Holiday Switch isn’t as “Peggy Sue Got Married” as Comfort and Joy is, but it’s in the same ballpark: it’s another, “What if I had this life?” sort of stories with an actress from 80s TV. This time, we get Charles in Charge’s Nicole Eggert, who was very popular amongst the boys in my sixth grade class. Read the rest of this entry
Former The Facts of Life all-star Nancy McKeon (she was Jo) is the lead in Comfort and Joy, a made for TV Christmas movie that has two major problems: Read the rest of this entry
UPDATE: Look, even Lifetime knows Christmas in the City is a dud. The above video is the closest thing I can find to a trailer for this flick.
Last night, we watched the new for 2013 TV movie Christmas in the City and it’s… ya know, par for the course, I guess. It’s flawed but not boring and it feels as though many of its screenplay issues come from a producer’s story directives. Here are four items that I think came from a producer and made a bad situation worse. Read the rest of this entry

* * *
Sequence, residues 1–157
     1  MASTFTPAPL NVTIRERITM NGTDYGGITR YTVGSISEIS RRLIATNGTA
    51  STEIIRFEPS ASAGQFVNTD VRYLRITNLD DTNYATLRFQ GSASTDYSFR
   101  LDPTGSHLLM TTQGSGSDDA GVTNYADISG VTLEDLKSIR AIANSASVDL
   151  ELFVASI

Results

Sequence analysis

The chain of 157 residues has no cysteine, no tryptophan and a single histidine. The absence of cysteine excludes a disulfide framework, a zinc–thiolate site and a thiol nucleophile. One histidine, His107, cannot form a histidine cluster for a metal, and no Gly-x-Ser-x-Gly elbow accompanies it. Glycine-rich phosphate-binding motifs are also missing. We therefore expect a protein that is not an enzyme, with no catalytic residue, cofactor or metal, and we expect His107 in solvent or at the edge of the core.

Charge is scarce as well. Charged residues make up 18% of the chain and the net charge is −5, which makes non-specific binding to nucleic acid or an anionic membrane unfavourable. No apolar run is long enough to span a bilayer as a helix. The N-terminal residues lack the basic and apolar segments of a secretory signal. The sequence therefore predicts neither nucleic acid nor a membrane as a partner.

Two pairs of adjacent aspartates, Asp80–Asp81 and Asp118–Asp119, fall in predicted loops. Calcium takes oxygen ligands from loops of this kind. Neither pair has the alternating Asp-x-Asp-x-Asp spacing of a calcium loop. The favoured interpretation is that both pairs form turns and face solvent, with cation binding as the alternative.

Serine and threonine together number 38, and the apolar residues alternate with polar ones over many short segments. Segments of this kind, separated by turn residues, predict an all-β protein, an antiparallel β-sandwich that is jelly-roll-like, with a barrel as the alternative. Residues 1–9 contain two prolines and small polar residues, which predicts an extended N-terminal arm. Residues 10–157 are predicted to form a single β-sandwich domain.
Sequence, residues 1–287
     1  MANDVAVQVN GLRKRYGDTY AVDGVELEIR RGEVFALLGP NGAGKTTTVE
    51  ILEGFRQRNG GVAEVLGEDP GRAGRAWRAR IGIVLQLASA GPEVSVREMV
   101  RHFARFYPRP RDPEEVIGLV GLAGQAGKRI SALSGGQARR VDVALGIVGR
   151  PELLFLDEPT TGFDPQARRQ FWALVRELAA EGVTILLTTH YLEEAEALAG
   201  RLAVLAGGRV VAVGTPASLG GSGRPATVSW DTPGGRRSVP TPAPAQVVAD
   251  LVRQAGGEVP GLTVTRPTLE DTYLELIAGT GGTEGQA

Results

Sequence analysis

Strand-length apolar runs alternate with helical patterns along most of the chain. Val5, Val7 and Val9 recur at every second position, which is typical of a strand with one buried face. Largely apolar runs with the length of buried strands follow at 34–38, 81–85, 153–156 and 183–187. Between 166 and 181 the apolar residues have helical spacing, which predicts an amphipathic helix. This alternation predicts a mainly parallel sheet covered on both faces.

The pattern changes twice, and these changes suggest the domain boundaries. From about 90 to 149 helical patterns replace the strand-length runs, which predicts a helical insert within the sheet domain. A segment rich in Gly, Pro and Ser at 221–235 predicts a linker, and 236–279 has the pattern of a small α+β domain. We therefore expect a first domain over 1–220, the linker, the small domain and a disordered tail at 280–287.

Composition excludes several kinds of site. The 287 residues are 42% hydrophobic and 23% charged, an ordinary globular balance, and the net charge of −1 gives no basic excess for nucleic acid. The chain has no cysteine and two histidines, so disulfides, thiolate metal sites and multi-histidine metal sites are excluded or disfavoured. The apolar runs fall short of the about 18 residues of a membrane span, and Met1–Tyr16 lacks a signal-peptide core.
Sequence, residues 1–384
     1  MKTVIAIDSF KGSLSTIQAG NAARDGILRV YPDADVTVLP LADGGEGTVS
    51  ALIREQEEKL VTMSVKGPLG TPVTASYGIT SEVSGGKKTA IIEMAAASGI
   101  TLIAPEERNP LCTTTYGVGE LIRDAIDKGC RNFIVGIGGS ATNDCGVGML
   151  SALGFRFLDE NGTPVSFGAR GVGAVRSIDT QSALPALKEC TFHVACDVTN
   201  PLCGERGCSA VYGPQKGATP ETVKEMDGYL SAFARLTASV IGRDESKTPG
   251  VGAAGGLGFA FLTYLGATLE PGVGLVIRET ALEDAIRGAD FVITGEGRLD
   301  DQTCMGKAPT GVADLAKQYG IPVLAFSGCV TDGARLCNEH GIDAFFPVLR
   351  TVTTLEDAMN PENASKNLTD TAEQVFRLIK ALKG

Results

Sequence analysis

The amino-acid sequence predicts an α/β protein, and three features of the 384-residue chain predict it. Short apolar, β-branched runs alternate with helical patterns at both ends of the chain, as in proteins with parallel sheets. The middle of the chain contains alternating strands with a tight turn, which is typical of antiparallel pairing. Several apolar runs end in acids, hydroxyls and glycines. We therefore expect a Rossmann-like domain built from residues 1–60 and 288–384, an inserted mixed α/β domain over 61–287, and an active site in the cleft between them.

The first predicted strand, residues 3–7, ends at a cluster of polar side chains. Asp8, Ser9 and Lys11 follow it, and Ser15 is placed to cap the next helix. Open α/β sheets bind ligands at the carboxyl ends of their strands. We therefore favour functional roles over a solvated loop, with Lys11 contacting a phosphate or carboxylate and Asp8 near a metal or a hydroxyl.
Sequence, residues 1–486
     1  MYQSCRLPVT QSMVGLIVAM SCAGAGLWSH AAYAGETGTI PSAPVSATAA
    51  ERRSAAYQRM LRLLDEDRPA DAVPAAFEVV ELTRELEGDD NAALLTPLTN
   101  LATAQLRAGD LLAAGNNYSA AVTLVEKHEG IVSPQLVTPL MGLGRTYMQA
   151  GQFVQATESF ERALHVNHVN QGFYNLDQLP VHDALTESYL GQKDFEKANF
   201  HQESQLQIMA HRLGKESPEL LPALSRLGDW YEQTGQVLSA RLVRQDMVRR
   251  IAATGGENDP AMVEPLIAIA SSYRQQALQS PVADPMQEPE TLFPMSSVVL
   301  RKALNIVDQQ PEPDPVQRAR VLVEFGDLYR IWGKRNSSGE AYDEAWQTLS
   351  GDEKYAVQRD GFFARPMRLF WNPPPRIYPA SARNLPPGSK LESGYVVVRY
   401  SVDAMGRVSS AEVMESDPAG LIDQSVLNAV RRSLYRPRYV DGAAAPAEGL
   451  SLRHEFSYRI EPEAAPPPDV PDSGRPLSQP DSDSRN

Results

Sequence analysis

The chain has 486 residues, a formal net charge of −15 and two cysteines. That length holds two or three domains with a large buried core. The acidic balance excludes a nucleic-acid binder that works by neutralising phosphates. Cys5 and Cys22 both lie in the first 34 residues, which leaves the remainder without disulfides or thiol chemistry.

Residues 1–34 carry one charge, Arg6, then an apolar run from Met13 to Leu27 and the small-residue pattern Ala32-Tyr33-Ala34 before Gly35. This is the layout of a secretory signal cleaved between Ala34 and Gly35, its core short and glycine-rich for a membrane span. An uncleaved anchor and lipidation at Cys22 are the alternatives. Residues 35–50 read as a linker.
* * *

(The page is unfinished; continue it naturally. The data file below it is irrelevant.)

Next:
You know who I like? Dean Cain. I’ve been mentioning him a lot lately – the dude just keeps popping up. You know who’s another person that exists? Jodie Sweetin. She played Stephanie on Full House… and in retrospect, I’m not sure if that or Lois and Clark: The New Adventures of Superman was more realistic. Anyway, they’ve both teamed up to bring us Defending Santa, and by ‘teamed up,’ I mean Sweetin is almost entirely absent from the second and third acts of the movie. Read the rest of this entry
I don’t know why we keep doing this to ourselves. I guess we keep thinking that the made for TV Christmas movies stink because they’re cheap, but I guess we didn’t learn our lesson when we watched Fred Claus, because this Deck the Halls movie sucks just as much!
Read the rest of this entry
What can I say about Fred Claus? Well, it sucks… but given its user ratings on IMDB and Rotten Tomatoes, you already knew that. Perhaps I should ask “What can I say about Fred Claus that you don’t already know?” Not much, so this is going to be a quick one. Read the rest of this entry
I’ll be straight with ya – I liked The Hunger Games: Catching Fire. I liked the first one, too. Sure, the movie is close up and hand-held camera heavy (and the idea to back light the kisses gave us a nice clear shot of spit being shared between two young lovers), but at its essence, it’s a good story. That being said, I recommend that anyone who is a fan of action, adventure, visuals and performance check out these movies. I’m giving Catching Fire a 9 out of 10.